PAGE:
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Vignette or no vignette?

Granddad

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Roche Abbey (abbey ruins in South Yorkshire, UK) yesterday, the sunlight was very harsh so we eventually moved to a shady corner. I don't usually do monochrome or vignettes but for this shot a conversion and a vignette seemed to fit. I'm not sure if I like the vignette or not.

The shady corner was also home to a number of blackberry bushes so when we finished shooting we filled our empty lunch bag.
😃


Roche Abbey-0787-2d.jpg
Roche Abbey-0787-2f.jpg
 
Roche Abbey (abbey ruins in South Yorkshire, UK) yesterday, the sunlight was very harsh so we eventually moved to a shady corner. I don't usually do monochrome or vignettes but for this shot a conversion and a vignette seemed to fit. I'm not sure if I like the vignette or not.

The shady corner was also home to a number of blackberry bushes so when we finished shooting we filled our empty lunch bag.
😃

A little less imo.

-

Vignetting is like salt… add to taste.
The first is quite ok but less would be better!

2nd is much more pleasing to me.

Thanks Guys, I agree. I've seen so many vignettes in Facebook groups recently I thought I'd give it a whirl... I'm not going to reject them out of hand but they're not going to be a part of my normal workflow. I think this one may have worked with a "darker" theme but not on this image. Like many other people photographers, thanks to Covid, I'm out of practice.
 
When thinking of vignettes, many times people think in terms of the boring symmetrical vignette filter in LR. I tend to follow the literary definition of a vignette, where it's intended to leave an impression on the audience’s mind by focusing on a particular moment and providing more information about a character, theme, mood, or idea. Accentuating the contrasts between light and dark throughout the frame in the style of Chiaroscuro to sketch a scene within the larger frame, much as the eye would see in real life, IMO makes for a more interesting work.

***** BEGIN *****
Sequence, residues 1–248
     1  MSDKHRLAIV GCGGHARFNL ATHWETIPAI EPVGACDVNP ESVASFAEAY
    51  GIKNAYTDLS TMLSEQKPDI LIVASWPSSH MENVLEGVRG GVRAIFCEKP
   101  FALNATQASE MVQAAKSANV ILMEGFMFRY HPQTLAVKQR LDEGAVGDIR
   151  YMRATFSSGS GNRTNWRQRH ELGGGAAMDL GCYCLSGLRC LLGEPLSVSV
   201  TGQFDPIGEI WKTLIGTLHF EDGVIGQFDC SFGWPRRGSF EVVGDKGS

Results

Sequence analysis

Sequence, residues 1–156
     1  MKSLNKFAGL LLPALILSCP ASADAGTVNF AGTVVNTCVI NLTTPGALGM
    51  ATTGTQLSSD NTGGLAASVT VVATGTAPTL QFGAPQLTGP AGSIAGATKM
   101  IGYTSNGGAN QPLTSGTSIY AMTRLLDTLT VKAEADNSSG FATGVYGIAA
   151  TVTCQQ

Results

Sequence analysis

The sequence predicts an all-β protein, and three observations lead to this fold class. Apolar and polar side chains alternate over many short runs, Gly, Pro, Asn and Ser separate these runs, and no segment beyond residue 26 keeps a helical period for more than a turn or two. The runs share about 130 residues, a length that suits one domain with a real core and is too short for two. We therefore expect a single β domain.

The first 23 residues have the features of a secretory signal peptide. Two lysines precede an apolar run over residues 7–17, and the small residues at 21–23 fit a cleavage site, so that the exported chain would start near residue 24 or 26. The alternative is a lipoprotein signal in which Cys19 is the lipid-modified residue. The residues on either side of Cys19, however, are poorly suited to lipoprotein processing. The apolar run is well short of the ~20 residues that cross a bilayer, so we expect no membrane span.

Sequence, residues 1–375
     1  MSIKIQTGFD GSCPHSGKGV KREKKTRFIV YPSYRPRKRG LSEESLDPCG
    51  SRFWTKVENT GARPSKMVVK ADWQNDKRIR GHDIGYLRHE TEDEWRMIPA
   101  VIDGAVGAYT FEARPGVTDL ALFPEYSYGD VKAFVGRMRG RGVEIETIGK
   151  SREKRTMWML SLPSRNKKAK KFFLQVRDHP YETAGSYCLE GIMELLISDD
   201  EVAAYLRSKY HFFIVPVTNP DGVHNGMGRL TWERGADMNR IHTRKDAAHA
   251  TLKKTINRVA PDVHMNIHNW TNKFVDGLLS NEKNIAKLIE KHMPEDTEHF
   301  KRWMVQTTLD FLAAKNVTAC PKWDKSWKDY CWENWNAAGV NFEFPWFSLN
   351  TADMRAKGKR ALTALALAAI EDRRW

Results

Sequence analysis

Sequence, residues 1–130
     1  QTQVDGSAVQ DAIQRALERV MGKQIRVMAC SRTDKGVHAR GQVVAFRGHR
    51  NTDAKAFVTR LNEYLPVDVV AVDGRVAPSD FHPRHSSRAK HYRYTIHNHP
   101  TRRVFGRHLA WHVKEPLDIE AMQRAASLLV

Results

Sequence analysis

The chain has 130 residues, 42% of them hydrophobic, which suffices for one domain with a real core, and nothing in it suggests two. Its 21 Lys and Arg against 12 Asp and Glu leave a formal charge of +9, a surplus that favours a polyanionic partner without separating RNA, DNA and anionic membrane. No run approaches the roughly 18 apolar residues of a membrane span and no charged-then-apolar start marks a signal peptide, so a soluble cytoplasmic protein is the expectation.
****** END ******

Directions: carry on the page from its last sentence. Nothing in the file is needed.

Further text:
Nice shot by the way, the lady is quite talented in her connection with the camera.
 
Much better without the vignette in my opinion.
 
Guess I’m the odd duck out. I like the vignette better.
 
I like the vignette just a little less.
 
I'm a fan of using light or shaping light to draw the viewer's eye to where I feel it needs to go.
I've gotten away from using standard vignetting sliders if provided in an app. They aren't versatile enough.

I'll use gradients fairly often, either luminosity or color/luminosity combinations.
For example in your photo I might try a luminosity gradient coming in from the left to the person and then one coming in from the right to the person. These would be standard linear gradients, from darker at the edges of frame to lighter near the person.
This way the eye is brought toward the person like a circular vignette or oval vignette but we wouldn't lose illumination at her lower body.
When done subtly the viewer might not even be aware that it was done.
 
Great shot, and I personally like the vignette, I think it adds to the mood of the photo and directs attention straight to your subject. I might try backing off with the vignette a little to see if less is more, but overall I definitely prefer it. For what it’s worth, I will often use a radial filter to add a vignette instead of the vignette tool, which allows me to change the shape of the vignette to match the subject.
 
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Thanks Guys, I agree. I've seen so many vignettes in Facebook groups recently I thought I'd give it a whirl... I'm not going to reject them out of hand but they're not going to be a part of my normal workflow. I think this one may have worked with a "darker" theme but not on this image. Like many other people photographers, thanks to Covid, I'm out of practice.

Nicely shot. Somewhere in the middle of these two is the vignette sweet spot I think. Vignette is definitely part of my normal workflow. I start with a subtle (in my opinion) vignette of -11 on almost every shot. I adjust from there but rarely end up removing it entirely. I agree with John. Placement is important so apply it manually with brushes or use the gradient tool.
 

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